2011 Ford E350 Super Duty Owners Manual – As the very best-offering whole-size cargo van in the U.S., the 2011 Ford E-Series Van has an established record of can-do dependability. This no-frills workhorse won’t win any splendor competitions, but it will darn confident keep the earnings going in. A myriad of offered comfort, efficiency, and look features and nearly limitless job-friendly and leisure designs don’t injure its “get-‘er-done” reputation, possibly.
It is not glamorous, nor is it notably enjoyable to get, and it also confident appearance old, but the 2011 Ford E-Series Van can handle just about any process conceivable. This two-traveler, three-front door full-size operate van is available in a few trims, the half-ton E-150, 3-quarter-ton E-250, and one-ton E-350 Super Duty, often called the Super Duty. At the ripe aging of 50 this year, the E-Series (ex-Econoline) vans have toted a lot of cargo to a lot of areas, to the level that it’s been the greatest-promoting van in the U.S. for several 31 years running. Many enhancements in performance, creature comfort and techno-gadgetry around the years have stored this venerable van recently, though its resolved rooftop size and lack of all-time drive (AWD) reduce its overall utility in certain situations. Curiously, Ford has made a decision to drop the potent and automatically energy-productive V8 turbodiesel engine with this year, making the much less torque-endowed and significantly more gluttonous V10 gas engine as the E-Series’ only hefty-carrying powerplant.
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Make no error, nonetheless; the 2011 E-Series Van still draws its weight – and more. Trailering capability in the beefy E-350 Super Duty trim degree is maxed out at 10,000 pounds, with the V10 and the correct towing equipment, while payload potential tops out at a whopping 4,050 kilos. Each and every of the E-Series trims sports a normal 138-inches wheelbase and 216.7-inch general size. Expanded (Ext) versions of the 3 trims, nevertheless, stretch to 236 ” in overall length with the identical wheelbase and can keep some 275.1 cubic feet of cargo. Standard-span vans restrict freight capability to 236.5 cubic ft ., but are a tad easier to maneuver all around town. A 3.73 axle proportion, on the other hand, is standard on these three trims, but a towing-oriented 4.1 axle rate may be bought for further significant moving objectives. Eventually, notwithstanding its reputation as an operate-concentrated weighty lifter, the E-Series Van remains a proprietor-malleable, woods-caring, camping area-smart, angling-pole-toting leisure vehicle, too.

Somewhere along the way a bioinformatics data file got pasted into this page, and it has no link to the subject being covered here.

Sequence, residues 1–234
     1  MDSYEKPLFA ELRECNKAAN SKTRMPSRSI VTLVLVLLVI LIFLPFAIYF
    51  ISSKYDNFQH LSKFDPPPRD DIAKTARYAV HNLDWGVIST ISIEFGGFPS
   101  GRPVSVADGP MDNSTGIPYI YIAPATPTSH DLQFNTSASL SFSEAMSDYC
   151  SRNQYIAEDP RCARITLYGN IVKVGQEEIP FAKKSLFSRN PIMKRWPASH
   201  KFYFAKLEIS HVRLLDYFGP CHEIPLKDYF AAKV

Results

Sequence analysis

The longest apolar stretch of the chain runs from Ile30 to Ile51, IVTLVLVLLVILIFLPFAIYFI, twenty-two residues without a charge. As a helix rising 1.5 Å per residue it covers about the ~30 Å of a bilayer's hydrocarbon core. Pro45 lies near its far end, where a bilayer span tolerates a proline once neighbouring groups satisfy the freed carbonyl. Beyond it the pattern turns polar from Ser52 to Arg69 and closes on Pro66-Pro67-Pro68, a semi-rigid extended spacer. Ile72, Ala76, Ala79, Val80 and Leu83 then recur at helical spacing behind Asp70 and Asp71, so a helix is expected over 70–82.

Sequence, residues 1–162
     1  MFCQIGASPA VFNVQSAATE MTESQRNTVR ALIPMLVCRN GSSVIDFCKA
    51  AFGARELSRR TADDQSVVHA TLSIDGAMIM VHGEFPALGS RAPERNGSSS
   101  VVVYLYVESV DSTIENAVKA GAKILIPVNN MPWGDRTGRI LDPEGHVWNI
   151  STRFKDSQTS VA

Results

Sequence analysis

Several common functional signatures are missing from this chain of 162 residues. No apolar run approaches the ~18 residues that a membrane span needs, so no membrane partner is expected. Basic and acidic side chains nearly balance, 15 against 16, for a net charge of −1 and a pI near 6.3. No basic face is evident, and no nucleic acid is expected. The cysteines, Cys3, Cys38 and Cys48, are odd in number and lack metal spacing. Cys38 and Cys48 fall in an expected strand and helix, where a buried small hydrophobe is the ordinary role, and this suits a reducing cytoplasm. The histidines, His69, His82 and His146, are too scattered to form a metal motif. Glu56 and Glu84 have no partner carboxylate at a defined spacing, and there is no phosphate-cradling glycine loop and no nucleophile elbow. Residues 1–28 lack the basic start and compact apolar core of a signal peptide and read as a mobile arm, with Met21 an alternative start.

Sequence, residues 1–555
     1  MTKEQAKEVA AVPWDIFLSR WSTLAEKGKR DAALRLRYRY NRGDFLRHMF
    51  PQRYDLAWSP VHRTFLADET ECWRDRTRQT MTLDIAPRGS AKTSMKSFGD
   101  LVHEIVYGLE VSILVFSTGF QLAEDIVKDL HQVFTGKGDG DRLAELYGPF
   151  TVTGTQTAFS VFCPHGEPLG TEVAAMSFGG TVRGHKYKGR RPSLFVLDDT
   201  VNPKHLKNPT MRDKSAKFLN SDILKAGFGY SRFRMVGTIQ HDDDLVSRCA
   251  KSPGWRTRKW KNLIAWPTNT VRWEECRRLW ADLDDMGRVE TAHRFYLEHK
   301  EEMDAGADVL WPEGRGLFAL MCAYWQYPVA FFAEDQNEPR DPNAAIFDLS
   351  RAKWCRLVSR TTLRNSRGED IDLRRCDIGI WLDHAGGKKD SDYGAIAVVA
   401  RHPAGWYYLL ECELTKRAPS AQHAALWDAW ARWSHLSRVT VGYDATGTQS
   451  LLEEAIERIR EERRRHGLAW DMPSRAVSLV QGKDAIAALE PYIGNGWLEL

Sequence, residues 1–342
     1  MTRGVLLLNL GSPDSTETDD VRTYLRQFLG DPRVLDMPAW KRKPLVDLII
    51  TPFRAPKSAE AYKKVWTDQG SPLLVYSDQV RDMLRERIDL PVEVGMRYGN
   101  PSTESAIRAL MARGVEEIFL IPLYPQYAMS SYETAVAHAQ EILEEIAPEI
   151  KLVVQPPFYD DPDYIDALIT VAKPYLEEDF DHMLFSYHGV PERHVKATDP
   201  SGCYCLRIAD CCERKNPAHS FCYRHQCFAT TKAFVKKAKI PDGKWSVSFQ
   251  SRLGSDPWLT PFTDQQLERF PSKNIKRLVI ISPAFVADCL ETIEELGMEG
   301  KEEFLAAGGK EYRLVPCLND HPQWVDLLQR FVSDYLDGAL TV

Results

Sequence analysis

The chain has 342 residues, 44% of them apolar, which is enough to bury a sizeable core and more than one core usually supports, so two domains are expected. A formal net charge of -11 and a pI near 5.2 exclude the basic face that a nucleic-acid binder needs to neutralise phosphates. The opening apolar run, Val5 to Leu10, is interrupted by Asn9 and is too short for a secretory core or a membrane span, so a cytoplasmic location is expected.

For 2011, 3 gas engines are available in the utility-focused E-Series Van, each with a normal built-in auxiliary transmission air conditioning. Initial off, there’s the 4.6-liter Flex Energy (FFV) V8 engine that is standard in the E-150 and E-250 trims. When mated with the regular 4-speed automatic transmission with overdrive, this minimal potentate positions out 225 hp at 4,800 rpm and 286 lb-ft of torque at 3,500 rpm. This all is very good to tow around 6,500 pounds of trailers with an EPA-approximated 13/17 mpg burning typical fuel. (Gasoline efficiency numbers ordinarily decline when Flex-Gasoline-specified engines shed E85 ethanol-dependent fuel.)